This is a link to a Google 3D SketchUp drawing for a router mortice jig that will accurately guide your next mortise cut. You will need the SketchUp software to download this drawing and its freely available online.
This is a link to a Google 3D SketchUp drawing for creating a circle jig for a router using a 1/2 inch router bit and 1/8th inch increments. You will need the SketchUp software to download this drawing and its freely available online.
…I solved the problem with an auxiliary tablesaw fence that is simple to build, fast to put on and take off, and gives a neat way to collect dust at the source.
With the tops of the tabletop boards clamped face to face, we used a simple plywood jig to rout the sockets for the butterfly key.
With the router ellipse jig you can cut or draw perfect ovals without the hassle of templates or string.
Simplicity is key in this no-frills router table. Many are highly engineered, bulky, and take a long time to build. But this one is uncomplicated and quick-to-make in just 20 minutes.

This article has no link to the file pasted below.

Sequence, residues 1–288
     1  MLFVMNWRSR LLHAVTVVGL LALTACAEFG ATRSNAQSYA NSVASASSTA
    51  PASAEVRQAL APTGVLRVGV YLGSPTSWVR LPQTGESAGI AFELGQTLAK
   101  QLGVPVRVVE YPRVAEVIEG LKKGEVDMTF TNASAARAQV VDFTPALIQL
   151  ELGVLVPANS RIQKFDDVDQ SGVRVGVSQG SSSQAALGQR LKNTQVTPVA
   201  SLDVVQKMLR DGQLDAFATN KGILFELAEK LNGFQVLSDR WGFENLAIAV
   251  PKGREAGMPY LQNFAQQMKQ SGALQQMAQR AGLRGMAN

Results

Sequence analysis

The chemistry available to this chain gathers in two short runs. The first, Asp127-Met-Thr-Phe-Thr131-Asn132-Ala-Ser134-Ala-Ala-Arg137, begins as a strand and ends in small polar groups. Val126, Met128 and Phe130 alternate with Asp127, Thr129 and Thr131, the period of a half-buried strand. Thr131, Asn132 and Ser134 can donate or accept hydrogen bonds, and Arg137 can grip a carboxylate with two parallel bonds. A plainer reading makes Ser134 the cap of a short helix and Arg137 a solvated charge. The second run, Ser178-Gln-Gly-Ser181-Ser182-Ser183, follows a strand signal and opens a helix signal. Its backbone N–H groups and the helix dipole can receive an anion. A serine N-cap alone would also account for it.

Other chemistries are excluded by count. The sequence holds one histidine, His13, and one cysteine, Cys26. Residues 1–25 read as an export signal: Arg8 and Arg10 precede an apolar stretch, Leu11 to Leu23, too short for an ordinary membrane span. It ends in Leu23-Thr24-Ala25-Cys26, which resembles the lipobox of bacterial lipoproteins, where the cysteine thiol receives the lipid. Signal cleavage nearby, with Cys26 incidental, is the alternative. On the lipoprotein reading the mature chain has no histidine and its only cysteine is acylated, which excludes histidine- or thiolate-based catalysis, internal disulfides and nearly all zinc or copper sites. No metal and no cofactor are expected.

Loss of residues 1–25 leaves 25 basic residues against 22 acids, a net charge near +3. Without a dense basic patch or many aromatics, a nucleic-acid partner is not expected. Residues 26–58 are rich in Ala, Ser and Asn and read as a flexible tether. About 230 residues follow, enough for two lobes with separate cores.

This is a SketchUp drawing I made for a router cabinet I installed with my Benchdog ProMax router table. This is a SketchUp model drawing. You need the SketchUp software to open this woodworking plan, it is freely available online.
Using Your Router
I have been using my hand-held router a lot lately. For one project, I had to rout some stopped dadoes. With this kind of cut (or when you have to rout any groove or profile near the edge of a piece) an edge guide is almost a necessity. Here is how to make this router edge guide.
Our sliding tabletop will guide your stock straight over a router bit.
The knob on my plunge router is small and hard to turn. To make it easier to use, I came up with a simple hand crank. The crank is nothing more than a piece of plywood with a large hole to match the size of the knob.